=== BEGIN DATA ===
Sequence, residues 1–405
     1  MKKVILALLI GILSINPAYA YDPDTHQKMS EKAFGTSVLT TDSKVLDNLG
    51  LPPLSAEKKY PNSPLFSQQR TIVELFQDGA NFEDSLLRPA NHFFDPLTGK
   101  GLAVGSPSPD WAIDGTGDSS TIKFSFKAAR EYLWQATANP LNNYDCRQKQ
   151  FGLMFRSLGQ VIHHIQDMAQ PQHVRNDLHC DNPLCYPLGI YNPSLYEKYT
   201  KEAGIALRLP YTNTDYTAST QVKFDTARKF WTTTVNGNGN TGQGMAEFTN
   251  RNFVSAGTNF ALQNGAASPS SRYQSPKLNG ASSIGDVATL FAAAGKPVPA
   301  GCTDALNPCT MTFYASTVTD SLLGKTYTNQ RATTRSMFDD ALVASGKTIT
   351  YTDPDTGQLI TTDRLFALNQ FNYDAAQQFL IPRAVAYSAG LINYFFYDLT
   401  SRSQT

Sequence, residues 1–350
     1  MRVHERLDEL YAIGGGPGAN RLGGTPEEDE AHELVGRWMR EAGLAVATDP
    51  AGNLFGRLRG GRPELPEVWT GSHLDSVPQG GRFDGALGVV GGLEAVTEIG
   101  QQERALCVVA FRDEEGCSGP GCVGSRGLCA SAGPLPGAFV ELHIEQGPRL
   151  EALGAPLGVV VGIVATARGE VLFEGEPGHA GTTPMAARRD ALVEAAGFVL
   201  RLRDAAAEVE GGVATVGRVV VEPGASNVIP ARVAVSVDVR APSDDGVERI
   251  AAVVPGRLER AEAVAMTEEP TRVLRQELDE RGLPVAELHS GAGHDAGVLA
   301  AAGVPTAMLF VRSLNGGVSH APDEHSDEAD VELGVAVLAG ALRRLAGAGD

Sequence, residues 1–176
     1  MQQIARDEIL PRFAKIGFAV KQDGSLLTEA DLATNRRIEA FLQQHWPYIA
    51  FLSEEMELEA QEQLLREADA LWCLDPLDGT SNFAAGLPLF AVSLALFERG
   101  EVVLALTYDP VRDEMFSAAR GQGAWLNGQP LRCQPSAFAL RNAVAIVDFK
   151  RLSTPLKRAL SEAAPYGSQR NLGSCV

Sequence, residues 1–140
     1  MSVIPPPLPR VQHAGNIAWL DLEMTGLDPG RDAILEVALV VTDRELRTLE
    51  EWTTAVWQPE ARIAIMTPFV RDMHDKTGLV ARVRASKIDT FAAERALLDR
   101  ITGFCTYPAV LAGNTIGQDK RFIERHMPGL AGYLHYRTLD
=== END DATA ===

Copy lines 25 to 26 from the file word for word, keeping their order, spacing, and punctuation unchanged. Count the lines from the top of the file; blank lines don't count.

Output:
     1  MSVIPPPLPR VQHAGNIAWL DLEMTGLDPG RDAILEVALV VTDRELRTLE
    51  EWTTAVWQPE ARIAIMTPFV RDMHDKTGLV ARVRASKIDT FAAERALLDR